Predictors of Program Completion and Recidivism at the Bronx Misdemeanor Domestic Violence Court

Nora Puffett, Center for Court Innovation
Chandra Gavin, Center for Court Innovation

A growing number of domestic violence courts require convicted offenders to participate in batterer intervention or other treatment programs and intensive court monitoring. Yet the benefit derived from batterer intervention programs in particular is still under debate, and program failure rates are often high. Moreover, both programs and monitoring are time-consuming and expensive for the court as well as the offender. This has led court administrators to question whether specific offender subgroups might benefit more or less than others from programs and court monitoring. If such subgroups could be identified, an individual defendant's likelihood to benefit from a program and from monitoring could be made a factor of sentencing. Accordingly, analyses were conducted of the correlates of program completion and recidivism for 440 cases sentenced by the Bronx Misdemeanor Domestic Violence Court, a high volume urban domestic violence court. Cases were mandated to one of three program conditions: (1) batterer intervention alone; (2) batterer intervention with substance abuse treatment; and (3) substance abuse treatment alone. Hypotheses were tested concerning the impact of program condition, age, employment status, defendant-victim relationship, current charges, criminal history, and several interim program compliance measures. Results demonstrated significantly better outcomes among those assigned to batterer intervention alone, without a prior criminal history, and in compliance as of the first court monitoring appearance (usually one month post-sentence). Also, meeting a somewhat weaker significance threshold, better outcomes resulted among defendants employed at arrest and defendants pleading to a charge other than criminal contempt. Policy implications of all findings are discussed.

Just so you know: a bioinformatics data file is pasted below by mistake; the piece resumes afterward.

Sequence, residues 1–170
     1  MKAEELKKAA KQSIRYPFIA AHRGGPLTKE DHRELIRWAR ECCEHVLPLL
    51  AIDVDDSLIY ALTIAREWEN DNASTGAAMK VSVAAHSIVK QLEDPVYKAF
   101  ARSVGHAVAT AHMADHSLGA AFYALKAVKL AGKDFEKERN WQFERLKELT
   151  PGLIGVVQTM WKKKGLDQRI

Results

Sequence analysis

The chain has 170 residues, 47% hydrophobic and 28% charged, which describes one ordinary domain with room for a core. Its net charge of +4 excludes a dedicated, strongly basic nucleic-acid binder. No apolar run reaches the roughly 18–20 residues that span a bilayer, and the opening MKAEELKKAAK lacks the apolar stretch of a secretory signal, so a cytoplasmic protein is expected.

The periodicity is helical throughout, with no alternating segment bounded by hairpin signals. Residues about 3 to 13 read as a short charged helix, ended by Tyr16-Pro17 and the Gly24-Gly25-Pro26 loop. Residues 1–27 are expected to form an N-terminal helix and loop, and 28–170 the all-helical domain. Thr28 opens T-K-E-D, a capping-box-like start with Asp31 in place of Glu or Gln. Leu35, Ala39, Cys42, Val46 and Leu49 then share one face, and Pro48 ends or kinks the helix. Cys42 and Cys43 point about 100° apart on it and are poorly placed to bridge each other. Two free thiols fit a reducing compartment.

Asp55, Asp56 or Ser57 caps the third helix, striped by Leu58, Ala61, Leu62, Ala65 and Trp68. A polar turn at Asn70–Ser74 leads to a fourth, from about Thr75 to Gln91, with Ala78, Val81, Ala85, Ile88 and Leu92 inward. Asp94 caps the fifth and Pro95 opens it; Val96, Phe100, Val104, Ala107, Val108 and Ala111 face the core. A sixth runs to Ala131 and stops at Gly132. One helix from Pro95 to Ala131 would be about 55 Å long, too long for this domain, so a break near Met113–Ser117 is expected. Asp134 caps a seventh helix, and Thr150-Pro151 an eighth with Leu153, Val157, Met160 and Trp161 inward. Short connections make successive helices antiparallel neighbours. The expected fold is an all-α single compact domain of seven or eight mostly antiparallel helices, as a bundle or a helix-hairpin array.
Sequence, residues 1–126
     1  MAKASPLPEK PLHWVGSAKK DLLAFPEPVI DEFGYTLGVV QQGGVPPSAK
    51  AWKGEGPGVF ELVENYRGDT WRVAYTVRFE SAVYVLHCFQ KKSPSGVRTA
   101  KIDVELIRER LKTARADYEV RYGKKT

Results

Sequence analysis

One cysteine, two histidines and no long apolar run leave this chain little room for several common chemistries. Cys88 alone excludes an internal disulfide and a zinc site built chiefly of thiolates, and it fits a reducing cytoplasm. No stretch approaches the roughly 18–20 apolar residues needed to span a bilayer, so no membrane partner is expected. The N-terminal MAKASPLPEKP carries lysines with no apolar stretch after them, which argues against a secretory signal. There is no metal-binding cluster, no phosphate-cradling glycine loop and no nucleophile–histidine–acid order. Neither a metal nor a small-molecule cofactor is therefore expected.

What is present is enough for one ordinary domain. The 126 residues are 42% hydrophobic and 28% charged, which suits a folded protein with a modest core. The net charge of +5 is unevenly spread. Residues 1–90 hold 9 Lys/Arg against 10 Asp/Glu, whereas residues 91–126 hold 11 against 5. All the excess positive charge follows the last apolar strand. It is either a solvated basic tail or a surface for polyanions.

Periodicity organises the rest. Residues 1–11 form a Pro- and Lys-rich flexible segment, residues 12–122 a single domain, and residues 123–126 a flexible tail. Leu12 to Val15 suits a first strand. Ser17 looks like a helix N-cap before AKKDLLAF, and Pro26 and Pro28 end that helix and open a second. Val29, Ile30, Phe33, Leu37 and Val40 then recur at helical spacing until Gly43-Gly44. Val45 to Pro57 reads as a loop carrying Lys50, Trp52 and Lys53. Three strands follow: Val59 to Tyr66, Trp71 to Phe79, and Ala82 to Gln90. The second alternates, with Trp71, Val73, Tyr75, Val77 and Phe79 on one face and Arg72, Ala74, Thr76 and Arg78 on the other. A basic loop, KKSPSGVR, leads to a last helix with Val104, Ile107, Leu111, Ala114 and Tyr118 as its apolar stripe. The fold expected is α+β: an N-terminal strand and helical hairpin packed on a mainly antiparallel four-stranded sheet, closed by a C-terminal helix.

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Updated 05/20/2006